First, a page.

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Caregivers Month

As a caregiver for a loved one with Parkinson’s disease (PD), your days may include medication alarms, driving to and from appointments and helping your loved one with activities of daily living, such as dressing or eating. Simultaneously, you may be managing finances, cooking, working and trying to keep up with family and friends.

It can be easy to forget that your needs require attention too. Self-care is defined as any practice that relieves stress and encourages a healthy mind and body.

At the Parkinson’s Foundation, we always want caregivers to keep themselves in mind. We know you are busy, so we’ve compiled 15 realistic ways you can implement self-care…starting today:

  1. Eat healthy with less hassle. The better you eat, the better you feel. This month, we teamed up with HelloFresh to award free meal-kit delivery boxes to 100 caregivers! To enter our contest, post a photo of you and your loved one with Parkinson's on Facebook, Twitter or Instagram between now and November 22 and be sure to use the hashtag #CaringForCaregivers!
  2. Manage stress. Determine what helps you relax most. Then devote time to it every day. See what works best for you: a hot bath, a meditating app, reading a new book or going on a walk.
  3. Exercise regularly. We know that exercise plays a role for your loved one’s PD, and consistent exercise can also help you. Just 30 minutes of daily exercise can help you sustain your energy and lead to better sleep.
  4. Set limits and stick to them. This means asking for help when you need it. Try new resources. Bring in outside help (family or paid worker) so you can take a break. Call the Parkinson’s Foundation Helpline at (800) 4PD-INFO (473-4636). No one can do everything for everyone all the time!
  5. Reflect on the rewards of caregiving. Alongside trials and challenges, caregiving offers triumphs and joys. Take pride in how much you have learned and in discovering your own strengths.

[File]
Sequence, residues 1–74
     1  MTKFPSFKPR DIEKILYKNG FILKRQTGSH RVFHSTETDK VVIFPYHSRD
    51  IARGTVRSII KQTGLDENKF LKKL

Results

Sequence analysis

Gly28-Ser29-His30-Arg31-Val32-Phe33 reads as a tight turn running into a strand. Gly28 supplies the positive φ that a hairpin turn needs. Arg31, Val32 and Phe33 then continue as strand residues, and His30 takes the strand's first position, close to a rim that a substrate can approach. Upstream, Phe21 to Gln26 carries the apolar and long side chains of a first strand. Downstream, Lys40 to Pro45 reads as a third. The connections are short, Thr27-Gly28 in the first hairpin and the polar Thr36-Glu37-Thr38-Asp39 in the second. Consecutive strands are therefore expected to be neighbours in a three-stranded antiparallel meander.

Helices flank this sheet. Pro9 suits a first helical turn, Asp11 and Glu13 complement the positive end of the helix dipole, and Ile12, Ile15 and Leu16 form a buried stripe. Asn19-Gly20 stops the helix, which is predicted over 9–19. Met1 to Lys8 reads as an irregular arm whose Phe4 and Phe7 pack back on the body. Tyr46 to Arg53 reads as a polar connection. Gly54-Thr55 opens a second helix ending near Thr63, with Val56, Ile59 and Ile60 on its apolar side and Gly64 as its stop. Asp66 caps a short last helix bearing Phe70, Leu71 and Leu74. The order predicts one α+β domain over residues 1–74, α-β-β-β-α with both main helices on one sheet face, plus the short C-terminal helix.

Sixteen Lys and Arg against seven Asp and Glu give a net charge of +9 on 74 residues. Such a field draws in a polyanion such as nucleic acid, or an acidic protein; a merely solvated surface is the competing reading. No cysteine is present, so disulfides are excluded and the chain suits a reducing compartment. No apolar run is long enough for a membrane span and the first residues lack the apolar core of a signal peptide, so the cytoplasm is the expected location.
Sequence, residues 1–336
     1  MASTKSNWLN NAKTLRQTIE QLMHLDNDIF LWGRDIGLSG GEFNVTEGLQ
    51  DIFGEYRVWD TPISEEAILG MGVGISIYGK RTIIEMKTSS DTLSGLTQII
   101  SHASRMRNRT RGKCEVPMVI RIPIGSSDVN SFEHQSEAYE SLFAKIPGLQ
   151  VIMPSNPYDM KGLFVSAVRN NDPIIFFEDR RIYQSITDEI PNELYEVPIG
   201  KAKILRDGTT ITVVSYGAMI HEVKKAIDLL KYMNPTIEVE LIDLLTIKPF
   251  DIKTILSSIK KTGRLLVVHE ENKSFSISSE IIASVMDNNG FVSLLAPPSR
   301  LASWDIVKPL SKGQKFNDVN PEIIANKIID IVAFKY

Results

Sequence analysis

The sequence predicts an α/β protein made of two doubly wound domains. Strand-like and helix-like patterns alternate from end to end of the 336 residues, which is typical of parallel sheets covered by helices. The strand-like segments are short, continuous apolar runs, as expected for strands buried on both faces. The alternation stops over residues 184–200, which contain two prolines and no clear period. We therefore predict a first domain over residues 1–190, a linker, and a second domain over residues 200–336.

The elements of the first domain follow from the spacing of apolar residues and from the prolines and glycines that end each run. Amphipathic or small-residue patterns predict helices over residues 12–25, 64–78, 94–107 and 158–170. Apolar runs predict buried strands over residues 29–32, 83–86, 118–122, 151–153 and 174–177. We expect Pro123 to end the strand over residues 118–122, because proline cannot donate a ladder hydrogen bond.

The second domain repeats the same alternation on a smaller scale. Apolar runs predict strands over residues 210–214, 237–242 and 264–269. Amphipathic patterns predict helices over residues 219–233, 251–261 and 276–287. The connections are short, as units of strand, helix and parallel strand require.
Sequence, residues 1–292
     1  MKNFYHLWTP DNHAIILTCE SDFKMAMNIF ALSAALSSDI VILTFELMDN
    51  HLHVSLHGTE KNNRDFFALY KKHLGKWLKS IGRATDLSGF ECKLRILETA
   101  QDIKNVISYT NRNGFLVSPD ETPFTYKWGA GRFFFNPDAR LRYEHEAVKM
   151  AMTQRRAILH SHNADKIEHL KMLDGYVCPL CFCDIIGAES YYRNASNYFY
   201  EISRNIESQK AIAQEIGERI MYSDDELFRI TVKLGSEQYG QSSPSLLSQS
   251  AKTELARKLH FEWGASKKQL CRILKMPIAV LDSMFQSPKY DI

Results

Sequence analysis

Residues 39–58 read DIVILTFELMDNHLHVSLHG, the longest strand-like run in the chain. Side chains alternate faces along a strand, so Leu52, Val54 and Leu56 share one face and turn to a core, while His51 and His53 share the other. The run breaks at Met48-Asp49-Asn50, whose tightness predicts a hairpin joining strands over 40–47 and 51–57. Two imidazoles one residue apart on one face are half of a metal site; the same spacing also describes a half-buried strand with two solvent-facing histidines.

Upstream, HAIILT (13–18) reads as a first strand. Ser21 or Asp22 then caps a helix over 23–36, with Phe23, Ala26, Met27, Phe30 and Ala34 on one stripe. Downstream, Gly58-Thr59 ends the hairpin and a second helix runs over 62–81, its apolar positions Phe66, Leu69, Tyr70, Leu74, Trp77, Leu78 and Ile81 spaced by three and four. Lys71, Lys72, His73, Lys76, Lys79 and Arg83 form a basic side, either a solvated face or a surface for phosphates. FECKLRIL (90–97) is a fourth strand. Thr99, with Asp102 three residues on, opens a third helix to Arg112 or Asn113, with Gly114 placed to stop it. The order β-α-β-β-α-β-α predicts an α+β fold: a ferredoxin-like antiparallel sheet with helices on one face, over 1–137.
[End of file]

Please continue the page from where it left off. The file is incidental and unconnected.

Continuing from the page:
6. See to your own health needs. Set up and attend your own medical appointments regularly. Your physical and mental well-being are key to successful caregiving.
  7. Find activities you can enjoy with your loved one outside of care. Go to a movie, host a dinner party or sign up for something new. Enjoy time together.
  8. Drink plenty of water. Staying hydrated helps flush out toxins, so bring a reusable bottle wherever you go.
  9. Socialize with people who uplift you. Nothing can empower you like a feeling of camaraderie. Minimize exposure to negative people. Instead, go out with friends or get involved with a community organization, support group or charity that you believe in.
  10. Laugh. Keeping a sense of humor helps beat anxiety A feeling of nervousness, worried thoughts and physical distress.. Watch a funny video or read something funny every day. Recognize and enjoy the happy moments with your loved one.
  11. Schedule breaks from caregiving and make them a priority. Take time to pursue other aspects of your life or just to relax. Plan these breaks in advance and arrange for help while you’re out.
  12. Cultivate a mindfulness practice. Try morning meditations or set a daily reminder to assess how you are coping. If you are stressed, plan your next break.
  13. Dream. Thinking about your future and what you want to achieve in life can help you maintain personal motivation. Can your loved one help you reach your goals?
  14. Accept your feelings. Guilt, anger and depression A mood disorder whose symptoms can include a persistent sad or empty mood, feelings of hopelessness or pessimism, irritability and loss of interest or pleasure in previously enjoyable activities. are normal reactions to a progressive disease. Recognize the hidden grief component in these emotions and seek out someone who understands it. Knowing what to expect emotionally can help.
  15. Practice being grateful. Recall or write down a few things from your day that made you or your loved one smile. Learn to savor the good times and the things that went right, however small.

Read Caring and Coping: A Caregiver’s Guide To Parkinson’s Disease online or order your free copy from our free Helpline: 1-800-4PD-INFO (473-4636), where you can also ask our PD specialists your caregiving and Parkinson’s questions.

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